The Doctor of Philosophy degree in craniofacial biology is awarded under the jurisdiction of the Graduate School. Students should also refer to the Requirements for Graduation section and the Graduate School section of this catalogue for general regulations. All courses applied toward the degree must be courses accepted by the Graduate School. This program is designed to provide health science-oriented training for the professional with interests in academic, as well as clinical, aspects of craniofacial biology. Appointment to the PhD program are designated each year for all semester admission.
New Student Orientation Committee
All new students seeking Master of Science and/or Doctor of Philosophy degree objectives will be assigned to an orientation committee. This committee will function to advise and guide new students through their first semester. Thereafter, each student will identify a mentor and assemble a qualifying exam committee.
Qualifying Exam Committee
During the second semester of study each graduate student should select a qualifying exam committee. The qualifying exam committee must include five faculty members who will be of assistance in the student's education. The student's mentor will serve as chair of the qualifying exam committee. One committee member must be a USC faculty member from outside the program. The graduate program director will be an ex officio member of all qualifying exam committees. The qualifying exam committee will monitor the student's progress, recommend readings or additional training, and determine when the student is ready for the qualifying examination. It is the student's responsibility to meet with the qualifying exam committee at least once during every semester of each academic year. The results of these formal meetings should be summarized by the student in a written statement and submitted to the program director each semester.
As soon as the student has satisfactorily completed the core courses and selected the committee, a screening meeting with the qualifying exam committee should be called. The screening procedure may consist of an oral examination; the student will outline his research progress and be examined on academic development. The committee may recommend that the student take specific additional course work and that readings in certain areas be initiated to remedy deficiencies. A brief report will be given to the student and included in his or her file. The student will meet with the committee each semester; they shall agree when the student is prepared to take the qualifying examination in the next semester or if the student should resign or be dropped from the program.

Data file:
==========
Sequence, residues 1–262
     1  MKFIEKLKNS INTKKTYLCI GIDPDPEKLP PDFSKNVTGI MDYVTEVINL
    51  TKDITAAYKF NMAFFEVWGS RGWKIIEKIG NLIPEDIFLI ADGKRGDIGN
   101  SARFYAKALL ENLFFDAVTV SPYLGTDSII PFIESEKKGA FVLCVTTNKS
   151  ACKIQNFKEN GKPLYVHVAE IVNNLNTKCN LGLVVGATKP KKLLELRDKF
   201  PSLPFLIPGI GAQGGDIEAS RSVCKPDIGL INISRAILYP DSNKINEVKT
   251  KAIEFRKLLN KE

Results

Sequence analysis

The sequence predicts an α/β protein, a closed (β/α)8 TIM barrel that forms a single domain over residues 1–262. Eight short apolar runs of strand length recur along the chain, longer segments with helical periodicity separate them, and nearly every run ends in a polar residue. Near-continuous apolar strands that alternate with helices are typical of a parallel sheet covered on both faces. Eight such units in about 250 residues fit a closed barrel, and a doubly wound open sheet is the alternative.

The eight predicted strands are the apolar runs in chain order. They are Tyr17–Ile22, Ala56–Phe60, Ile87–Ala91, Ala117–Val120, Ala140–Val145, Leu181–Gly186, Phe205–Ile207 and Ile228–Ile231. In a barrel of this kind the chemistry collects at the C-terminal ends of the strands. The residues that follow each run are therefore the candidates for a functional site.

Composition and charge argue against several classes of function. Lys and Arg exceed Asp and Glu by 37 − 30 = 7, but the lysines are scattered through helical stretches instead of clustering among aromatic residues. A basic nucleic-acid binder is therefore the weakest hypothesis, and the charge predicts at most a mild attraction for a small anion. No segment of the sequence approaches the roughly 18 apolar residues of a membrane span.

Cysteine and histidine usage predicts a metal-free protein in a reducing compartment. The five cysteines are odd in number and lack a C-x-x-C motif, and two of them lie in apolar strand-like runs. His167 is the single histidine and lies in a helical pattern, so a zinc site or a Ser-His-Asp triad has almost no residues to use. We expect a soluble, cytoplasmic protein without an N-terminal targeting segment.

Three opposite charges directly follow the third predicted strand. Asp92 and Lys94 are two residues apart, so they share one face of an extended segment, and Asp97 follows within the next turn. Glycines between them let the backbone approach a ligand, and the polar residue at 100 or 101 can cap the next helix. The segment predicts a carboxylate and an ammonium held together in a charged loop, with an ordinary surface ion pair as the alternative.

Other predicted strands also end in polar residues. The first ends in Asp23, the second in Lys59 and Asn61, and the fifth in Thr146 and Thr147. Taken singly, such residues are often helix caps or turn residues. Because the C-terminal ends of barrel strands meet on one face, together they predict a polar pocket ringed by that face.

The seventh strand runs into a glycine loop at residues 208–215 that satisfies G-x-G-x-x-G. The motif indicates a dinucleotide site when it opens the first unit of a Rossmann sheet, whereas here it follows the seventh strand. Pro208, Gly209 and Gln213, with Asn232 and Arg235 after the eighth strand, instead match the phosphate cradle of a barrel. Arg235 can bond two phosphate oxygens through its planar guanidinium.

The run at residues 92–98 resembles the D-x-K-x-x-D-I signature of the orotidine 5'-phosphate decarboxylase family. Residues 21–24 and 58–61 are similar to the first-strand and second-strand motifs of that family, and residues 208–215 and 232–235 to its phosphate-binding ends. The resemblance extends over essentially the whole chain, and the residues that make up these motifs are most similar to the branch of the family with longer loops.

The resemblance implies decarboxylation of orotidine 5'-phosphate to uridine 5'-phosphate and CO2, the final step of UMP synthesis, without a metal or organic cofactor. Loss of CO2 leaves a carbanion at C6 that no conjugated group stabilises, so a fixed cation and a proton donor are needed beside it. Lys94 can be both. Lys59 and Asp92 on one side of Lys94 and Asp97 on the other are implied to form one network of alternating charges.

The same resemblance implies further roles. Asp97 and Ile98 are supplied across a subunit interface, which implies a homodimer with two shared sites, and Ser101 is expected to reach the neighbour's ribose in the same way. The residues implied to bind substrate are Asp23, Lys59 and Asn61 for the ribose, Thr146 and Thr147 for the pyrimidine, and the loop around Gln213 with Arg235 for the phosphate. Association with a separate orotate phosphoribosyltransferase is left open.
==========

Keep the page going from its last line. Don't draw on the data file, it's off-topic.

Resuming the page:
A total of 60 units are required for the PhD Eight didactic courses at the graduate level are required. The core required CBY courses are PM 510L , CBY 585, INTD 531 and INTD 561 . The remaining graduate-level courses may be selected from courses offered by any department, following consultation with the graduate mentor and graduate program director. It is highly recommended that PhD students take the PIBBS core curriculum on the Health Sciences Campus. Students must achieve a 3.0 GPA or better in their course work. Students with a Doctor of Dental Surgery or other professional degree may be granted waivers for having completed equivalent course work. It is the student's responsibility to obtain from the Graduate School the Request for Permission to take the PhD Qualifying Examination form which must be signed by all committee members. This form must be completed 60 days before the qualifying examination.
The PhD qualifying examination is offered during the fall or spring semesters. A written examination will cover specific subject areas of the core curriculum, as well as topics selected by the qualifying exam committee. After successfully completing all parts of the written examination, the student will prepare and submit an original research proposal to the qualifying exam committee which presents, in National Institutes of Health (NIH) format, the student's proposed dissertation research. If the submitted proposal is acceptable, an oral examination will be conducted. This examination will include a defense of the proposal and could also include material from the written examination and related topics. A student failing any part of the examination may be allowed one additional opportunity to pass that portion, at the discretion of the qualifying exam committee, within the regulations of the Graduate School governing the repetition of qualifying examinations.
The doctoral dissertation is to focus upon an original research problem which reflects the creative scholarly abilities of the candidate and contributes to the general advancement of biological understanding, as well as to an understanding of the theoretical basis of disease and its treatment.
Defense of the Dissertation
An oral examination on a rough or final copy of the dissertation is conducted within one month following submission of the manuscript to the committee.